Written by Leah Guren, Ohel Avraham congregant.
Over the years, I have attended High Holiday services at different shuls. It is fascinating that the same structure of prayer and ritual can vary so much depending on the denomination, the location, and even the style or personality of the congregation.
It is funny how we can be very forgiving with normal Shabbat services, but have much higher expectations when it comes to Rosh Hashana and Yom Kippur. Perhaps it is the seriousness and importance of the holidays that demands something special.
But let’s face it: how many times have you mentally disconnected from long, pompous services or tuned out during a boring sermon? Have you ever flipped ahead through the machzor to see how many pages are left? Or checked your watch?
For me, High Holiday services have always been a compromise. I could choose a traditional liturgy or modern relevance, but not both. I could be with congenial friends or enjoy musically rich services, but not both. I could have a “thinking” experience or a “feeling” experience, but not both. I could hear well-known tunes or be challenged with new melodies, but not both. Nothing was ever perfect and I often ended up feeling vaguely dissatisfied, knowing I would have to wait for another year to try again.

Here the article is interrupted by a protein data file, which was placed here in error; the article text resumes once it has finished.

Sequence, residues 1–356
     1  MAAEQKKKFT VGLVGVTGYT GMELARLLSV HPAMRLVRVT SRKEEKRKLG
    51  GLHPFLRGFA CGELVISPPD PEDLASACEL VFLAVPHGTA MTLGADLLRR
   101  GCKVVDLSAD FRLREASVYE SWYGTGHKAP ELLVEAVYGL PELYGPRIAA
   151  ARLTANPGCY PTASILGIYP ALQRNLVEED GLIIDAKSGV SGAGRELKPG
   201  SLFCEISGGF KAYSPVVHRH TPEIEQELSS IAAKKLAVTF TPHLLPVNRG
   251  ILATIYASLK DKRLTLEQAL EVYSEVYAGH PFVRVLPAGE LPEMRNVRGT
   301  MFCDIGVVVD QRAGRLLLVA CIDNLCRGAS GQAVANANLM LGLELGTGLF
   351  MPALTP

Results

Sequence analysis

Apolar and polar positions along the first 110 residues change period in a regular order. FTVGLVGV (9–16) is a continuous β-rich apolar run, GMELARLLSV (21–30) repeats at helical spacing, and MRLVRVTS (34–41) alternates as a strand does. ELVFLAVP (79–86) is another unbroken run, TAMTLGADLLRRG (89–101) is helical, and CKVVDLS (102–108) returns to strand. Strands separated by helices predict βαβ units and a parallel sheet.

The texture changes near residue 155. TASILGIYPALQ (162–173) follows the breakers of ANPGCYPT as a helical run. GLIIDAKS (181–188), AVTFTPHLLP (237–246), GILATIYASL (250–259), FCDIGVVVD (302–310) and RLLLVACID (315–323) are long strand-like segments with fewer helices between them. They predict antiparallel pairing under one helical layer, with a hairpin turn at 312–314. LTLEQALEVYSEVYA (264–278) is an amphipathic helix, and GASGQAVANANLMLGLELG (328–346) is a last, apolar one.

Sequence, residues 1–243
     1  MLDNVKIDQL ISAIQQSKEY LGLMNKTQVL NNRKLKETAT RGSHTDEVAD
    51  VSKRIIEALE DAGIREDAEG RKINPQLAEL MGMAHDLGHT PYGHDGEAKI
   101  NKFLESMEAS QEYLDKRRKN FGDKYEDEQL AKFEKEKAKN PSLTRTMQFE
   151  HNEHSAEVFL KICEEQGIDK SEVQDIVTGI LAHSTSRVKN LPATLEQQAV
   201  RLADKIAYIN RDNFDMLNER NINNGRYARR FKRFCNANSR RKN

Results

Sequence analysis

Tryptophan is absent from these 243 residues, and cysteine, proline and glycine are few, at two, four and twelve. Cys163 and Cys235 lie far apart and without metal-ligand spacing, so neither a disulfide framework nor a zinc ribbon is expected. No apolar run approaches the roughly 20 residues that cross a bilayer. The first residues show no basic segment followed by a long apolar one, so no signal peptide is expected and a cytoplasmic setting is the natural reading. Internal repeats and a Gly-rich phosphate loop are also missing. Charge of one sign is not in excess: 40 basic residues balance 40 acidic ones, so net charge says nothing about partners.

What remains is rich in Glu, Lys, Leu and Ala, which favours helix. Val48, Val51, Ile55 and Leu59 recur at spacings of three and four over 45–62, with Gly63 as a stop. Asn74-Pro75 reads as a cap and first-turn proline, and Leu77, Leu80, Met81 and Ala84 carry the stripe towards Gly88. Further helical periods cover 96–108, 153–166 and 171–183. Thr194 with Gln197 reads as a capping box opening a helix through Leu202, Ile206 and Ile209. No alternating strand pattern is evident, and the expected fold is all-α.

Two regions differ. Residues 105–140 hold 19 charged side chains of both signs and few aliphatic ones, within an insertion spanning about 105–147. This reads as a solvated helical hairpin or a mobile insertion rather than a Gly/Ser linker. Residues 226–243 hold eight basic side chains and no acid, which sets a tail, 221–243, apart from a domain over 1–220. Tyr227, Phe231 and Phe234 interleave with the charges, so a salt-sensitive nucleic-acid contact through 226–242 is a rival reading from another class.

But this year, I had the pleasure of joining services at Ohel Avraham. As a new member of the congregation, I had been enjoying regular Shabbat services throughout the year, but I wasn’t really sure what would happen during the holidays.
To my delight, the services were a beautiful blend of all the elements that I could hope for. Services followed the traditional liturgical framework while connecting to modern, relevant issues. There was solid content to satisfy my brain and emotional warmth to satisfy my heart. I was in a beautiful shul surrounded by many new friends. And the music! Oh, my! Simply stunning.
Even during the long Yom Kippur fast, I didn’t zone out, flip ahead in the machzor, or check my watch. And each time I left shul at the end of services during that long holiday marathon, I felt a sense of joy and peace.
Magical services like that do not happen accidentally. Rabbi Na’ama Dafni-Kellen and Rabbi Gabby Dagan deserve special thanks for finding an ideal balance between tradition and modern relevance. They worked closely with many talented volunteers to create a well-run, beautifully satisfying services. So many people participated: singing, reading Torah, reading modern poetry, and more.
I hope that you can join us next year and experience it for yourself!